However, when the address signals recorded in the form of pits and the photo-magnetically recorded data signals are formed consecutively in one data/address signal region 4 between servo regions 3 on one track 2, as shown in FIG. 9, it becomes necessary for the aforementioned switching to be carried out nearly instantaneously at the time of a shift from the address signal recording region to the data signal recording region during reproduction so that the switching occurs during a time interval shorter by about one digit than the interval of a window of a channel clock. In particular, when the disk is driven at a faster speed, with a higher data transfer rate, an extremely fast switching operation of the order of several nanoseconds is required, and increases the hardware load. Such a system is difficult to realize and expensive. It is noted herein that FIG. 9 shows the recording format for an arbitrary track, with the pits P as shown at line B in FIG. 9 practically formed for the recording format shown at A in FIG. 9.
It is therefore an object of the present invention to provide a disk device for at least reproducing a disk-like recording medium in which signal recording may be made in two or more physical recording formats between the servo signal regions, wherein, according to the present invention, the switching from one to the other of the physical signal recording formats at the time of reproducing the recording medium may be made with a timely margin. On the other hand, although it may be contemplated that signals be recorded in one data/address signal region 4 in accordance with one physical change, the number of bytes in one data/address signal region 4 is usually more than the number of bytes of the address data of one sector, so that, for effective utilization of the recording region, it may occasionally be desirable that signals be recorded together, with two or more format changes in one region 4. It is therefore an object of the present invention to provide a disk-like recording medium in which multiple signals may be recorded between the servo signal regions in two or more physical formats, wherein, according to the present invention, the switching from one to the other of the physical signal recording formats at the time of reproducing the recording medium may be made with a timely margin.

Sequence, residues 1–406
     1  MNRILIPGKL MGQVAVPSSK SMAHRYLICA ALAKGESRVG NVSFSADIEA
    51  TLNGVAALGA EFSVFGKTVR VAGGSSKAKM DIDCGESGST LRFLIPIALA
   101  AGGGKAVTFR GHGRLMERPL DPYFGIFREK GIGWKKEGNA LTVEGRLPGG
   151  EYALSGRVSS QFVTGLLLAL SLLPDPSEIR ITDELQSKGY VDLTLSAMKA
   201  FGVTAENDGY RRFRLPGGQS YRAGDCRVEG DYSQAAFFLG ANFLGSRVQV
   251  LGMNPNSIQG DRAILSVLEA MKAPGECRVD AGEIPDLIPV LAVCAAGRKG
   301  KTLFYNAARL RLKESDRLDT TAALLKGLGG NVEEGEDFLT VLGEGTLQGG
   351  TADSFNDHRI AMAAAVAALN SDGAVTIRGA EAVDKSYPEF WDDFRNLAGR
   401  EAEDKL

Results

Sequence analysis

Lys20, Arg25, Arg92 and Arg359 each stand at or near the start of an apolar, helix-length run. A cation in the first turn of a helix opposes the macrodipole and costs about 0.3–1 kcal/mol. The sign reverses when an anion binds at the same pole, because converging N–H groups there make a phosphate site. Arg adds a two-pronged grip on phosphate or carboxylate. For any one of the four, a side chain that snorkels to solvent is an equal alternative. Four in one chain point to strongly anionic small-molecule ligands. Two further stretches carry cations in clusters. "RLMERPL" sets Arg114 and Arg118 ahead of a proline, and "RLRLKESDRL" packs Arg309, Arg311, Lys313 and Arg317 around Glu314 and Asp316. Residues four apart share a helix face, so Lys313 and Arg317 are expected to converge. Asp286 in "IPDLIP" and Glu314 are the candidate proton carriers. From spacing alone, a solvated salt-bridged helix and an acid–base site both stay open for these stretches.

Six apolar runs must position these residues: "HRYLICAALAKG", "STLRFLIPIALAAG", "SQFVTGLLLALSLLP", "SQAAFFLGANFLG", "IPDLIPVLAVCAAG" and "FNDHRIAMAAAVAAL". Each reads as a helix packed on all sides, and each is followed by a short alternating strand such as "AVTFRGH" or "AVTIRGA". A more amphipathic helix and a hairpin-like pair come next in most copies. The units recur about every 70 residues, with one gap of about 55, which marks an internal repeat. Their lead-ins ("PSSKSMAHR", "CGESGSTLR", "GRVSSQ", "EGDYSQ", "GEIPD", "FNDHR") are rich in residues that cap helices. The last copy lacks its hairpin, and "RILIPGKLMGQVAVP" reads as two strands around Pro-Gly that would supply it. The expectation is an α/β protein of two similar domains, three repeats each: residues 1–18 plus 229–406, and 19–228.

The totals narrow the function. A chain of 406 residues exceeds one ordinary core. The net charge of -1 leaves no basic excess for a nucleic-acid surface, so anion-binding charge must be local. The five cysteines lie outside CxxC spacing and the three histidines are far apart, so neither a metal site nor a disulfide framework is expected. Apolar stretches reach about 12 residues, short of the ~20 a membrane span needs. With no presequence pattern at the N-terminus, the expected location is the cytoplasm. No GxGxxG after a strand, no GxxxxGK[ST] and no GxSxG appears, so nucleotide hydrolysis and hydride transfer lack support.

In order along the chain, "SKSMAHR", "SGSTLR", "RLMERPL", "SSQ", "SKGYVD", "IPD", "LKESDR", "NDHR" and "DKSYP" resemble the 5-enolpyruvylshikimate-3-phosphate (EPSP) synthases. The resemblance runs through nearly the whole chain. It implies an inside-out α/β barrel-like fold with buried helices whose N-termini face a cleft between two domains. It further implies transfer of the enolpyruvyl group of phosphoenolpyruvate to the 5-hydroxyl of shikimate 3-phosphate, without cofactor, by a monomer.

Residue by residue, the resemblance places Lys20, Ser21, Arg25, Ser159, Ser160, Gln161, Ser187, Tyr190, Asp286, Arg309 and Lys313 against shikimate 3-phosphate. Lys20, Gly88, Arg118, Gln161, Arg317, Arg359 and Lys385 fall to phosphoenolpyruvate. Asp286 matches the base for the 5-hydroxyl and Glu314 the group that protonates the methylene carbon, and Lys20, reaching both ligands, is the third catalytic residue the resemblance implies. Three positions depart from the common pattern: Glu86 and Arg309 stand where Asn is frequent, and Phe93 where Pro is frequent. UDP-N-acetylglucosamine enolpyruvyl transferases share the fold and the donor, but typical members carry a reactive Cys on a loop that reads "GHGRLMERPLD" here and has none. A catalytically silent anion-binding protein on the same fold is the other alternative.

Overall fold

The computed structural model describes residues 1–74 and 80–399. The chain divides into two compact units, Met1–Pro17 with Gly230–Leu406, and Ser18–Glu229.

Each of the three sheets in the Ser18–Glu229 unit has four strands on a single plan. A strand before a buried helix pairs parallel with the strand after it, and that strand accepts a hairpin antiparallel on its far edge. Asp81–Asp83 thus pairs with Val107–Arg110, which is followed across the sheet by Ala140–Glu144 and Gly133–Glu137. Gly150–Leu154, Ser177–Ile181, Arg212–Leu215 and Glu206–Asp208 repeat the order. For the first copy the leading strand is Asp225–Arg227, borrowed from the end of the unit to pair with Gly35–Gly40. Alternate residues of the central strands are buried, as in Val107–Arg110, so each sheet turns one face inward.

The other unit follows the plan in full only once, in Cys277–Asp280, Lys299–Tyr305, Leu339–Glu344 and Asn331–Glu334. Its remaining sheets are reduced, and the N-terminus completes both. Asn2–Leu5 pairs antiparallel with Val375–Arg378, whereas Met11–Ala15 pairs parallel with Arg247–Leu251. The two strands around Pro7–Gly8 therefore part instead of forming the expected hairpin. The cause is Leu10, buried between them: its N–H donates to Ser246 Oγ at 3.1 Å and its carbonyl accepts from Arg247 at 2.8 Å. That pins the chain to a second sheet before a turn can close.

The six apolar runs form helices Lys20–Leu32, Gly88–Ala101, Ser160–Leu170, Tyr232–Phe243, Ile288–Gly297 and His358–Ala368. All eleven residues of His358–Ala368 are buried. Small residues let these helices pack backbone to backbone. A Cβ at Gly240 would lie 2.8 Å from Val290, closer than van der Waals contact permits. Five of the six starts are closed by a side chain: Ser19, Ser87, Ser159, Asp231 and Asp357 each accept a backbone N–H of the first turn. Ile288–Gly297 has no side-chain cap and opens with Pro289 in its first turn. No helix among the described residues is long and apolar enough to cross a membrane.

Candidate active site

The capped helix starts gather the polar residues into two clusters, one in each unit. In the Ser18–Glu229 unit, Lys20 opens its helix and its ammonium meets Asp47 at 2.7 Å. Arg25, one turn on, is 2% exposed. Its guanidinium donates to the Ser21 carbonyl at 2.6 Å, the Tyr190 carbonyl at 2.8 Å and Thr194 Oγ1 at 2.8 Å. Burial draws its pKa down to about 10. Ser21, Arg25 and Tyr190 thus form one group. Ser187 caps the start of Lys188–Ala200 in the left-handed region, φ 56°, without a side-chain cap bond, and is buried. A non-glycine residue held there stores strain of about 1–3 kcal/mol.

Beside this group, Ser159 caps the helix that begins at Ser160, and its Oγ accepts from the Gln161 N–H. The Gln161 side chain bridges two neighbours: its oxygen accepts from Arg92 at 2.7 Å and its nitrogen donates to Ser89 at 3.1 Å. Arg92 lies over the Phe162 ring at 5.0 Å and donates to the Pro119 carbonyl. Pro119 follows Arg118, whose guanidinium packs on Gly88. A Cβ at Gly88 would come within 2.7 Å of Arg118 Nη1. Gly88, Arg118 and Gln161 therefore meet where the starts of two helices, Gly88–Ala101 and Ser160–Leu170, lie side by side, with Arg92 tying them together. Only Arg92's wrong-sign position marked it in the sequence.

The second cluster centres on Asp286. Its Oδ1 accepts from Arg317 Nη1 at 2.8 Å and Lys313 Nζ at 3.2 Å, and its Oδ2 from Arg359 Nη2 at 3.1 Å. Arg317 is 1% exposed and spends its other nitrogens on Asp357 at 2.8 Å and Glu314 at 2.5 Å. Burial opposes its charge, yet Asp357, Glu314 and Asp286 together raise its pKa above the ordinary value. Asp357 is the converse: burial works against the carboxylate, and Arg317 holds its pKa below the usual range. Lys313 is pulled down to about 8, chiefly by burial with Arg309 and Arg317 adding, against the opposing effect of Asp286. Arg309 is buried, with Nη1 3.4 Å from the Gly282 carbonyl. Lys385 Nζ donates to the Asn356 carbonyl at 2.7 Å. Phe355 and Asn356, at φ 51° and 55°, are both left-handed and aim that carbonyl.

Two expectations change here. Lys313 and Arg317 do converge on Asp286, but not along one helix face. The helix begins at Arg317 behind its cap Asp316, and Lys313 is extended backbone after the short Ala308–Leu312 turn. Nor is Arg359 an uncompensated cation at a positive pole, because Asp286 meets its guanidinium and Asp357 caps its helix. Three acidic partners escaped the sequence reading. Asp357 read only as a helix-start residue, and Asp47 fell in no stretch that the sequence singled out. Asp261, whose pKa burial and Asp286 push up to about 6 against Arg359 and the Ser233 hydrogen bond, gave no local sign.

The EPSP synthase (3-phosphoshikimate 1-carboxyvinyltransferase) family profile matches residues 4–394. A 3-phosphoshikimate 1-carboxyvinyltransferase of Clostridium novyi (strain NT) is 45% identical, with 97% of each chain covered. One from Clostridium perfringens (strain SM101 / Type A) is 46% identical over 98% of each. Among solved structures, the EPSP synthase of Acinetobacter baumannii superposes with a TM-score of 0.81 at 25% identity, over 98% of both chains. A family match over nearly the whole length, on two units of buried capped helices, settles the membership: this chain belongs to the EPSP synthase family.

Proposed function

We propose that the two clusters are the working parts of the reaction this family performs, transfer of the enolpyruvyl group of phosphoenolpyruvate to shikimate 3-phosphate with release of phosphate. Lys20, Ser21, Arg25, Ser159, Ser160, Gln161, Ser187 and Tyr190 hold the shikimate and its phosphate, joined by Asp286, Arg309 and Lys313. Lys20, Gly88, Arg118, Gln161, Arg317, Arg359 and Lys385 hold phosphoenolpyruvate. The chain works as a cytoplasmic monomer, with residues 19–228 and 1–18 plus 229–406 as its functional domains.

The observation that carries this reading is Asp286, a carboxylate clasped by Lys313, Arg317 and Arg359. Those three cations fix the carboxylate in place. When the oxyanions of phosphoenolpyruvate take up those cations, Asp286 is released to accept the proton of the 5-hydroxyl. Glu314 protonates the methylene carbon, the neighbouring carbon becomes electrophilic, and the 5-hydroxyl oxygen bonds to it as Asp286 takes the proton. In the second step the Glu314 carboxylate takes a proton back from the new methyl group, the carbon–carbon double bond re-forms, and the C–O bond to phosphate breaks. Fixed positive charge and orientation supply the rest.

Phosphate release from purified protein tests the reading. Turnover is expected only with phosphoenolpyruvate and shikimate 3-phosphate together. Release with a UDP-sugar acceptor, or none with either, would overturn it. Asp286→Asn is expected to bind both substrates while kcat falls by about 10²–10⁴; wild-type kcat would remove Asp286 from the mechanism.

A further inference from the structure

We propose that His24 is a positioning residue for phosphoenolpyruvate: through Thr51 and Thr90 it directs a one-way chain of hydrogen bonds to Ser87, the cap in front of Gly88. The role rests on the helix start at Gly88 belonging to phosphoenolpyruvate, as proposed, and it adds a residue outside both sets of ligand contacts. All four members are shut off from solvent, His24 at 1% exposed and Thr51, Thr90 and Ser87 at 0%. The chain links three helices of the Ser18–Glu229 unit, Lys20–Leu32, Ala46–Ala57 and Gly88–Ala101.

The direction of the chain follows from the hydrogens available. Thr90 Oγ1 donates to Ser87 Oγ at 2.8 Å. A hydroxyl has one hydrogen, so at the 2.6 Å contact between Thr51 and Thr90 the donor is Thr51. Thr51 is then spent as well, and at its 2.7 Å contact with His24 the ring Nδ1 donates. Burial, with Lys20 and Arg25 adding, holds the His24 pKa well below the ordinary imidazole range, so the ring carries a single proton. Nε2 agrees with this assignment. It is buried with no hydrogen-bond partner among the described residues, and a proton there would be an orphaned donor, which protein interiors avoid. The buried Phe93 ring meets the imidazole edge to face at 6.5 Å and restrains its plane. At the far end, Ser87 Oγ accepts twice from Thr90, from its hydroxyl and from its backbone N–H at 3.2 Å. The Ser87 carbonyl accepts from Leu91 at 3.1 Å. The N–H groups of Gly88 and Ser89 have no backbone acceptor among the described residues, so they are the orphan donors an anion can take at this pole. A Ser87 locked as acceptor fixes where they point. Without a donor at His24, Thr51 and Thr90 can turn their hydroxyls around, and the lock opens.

According to the present invention, there is provided a disk device for at least reproducing a disk-shaped recording medium wherein servo signal regions in which servo signals are recorded and a data address signal regions in which at least data signals and address signals are written are formed alternately in the circumferential direction of the disk, in which signals are recorded in a first format and a second format which apparatus comprises a pickup for reading said recording signals in said first and second formats, and means for switching between said signals recorded in said first format and those recorded in said second format said switching means being controlled in operation by signals in said servo signal region. In the present disk device, switching among the signals of plural recording formats different from one another may be carried out during the time the servo signal regions are scanned such that a sufficient time can be provided for switching despite occasionally increased data transfer speed, with the result that the signal switching can be achieved with a timely margin or allowance.
According to the present invention there is also provided, a disk-shaped recorded medium wherein servo signal regions in which servo signals are recorded and data address signal regions in which at least data signals and data signals are written are formed alternately along the circumferential direction of the disk, in which signals are recorded in a single data address region in two formats. A recording area sufficient to allow the reproducing apparatus to switch between the signals recorded in said first format and the signals recorded in said second format. is provided between the signals. In the present disk-like recording medium, in the case wherein signal recording is made in one data/address signal region in two or more formats, the reproducing apparatus can be switched with a margin at the no-signal recording region provided between the signal recording portions.
FIG. 1, A and B, is a diagram of a recording format for each track in an embodiment of the disk-like recording medium according to the present invention;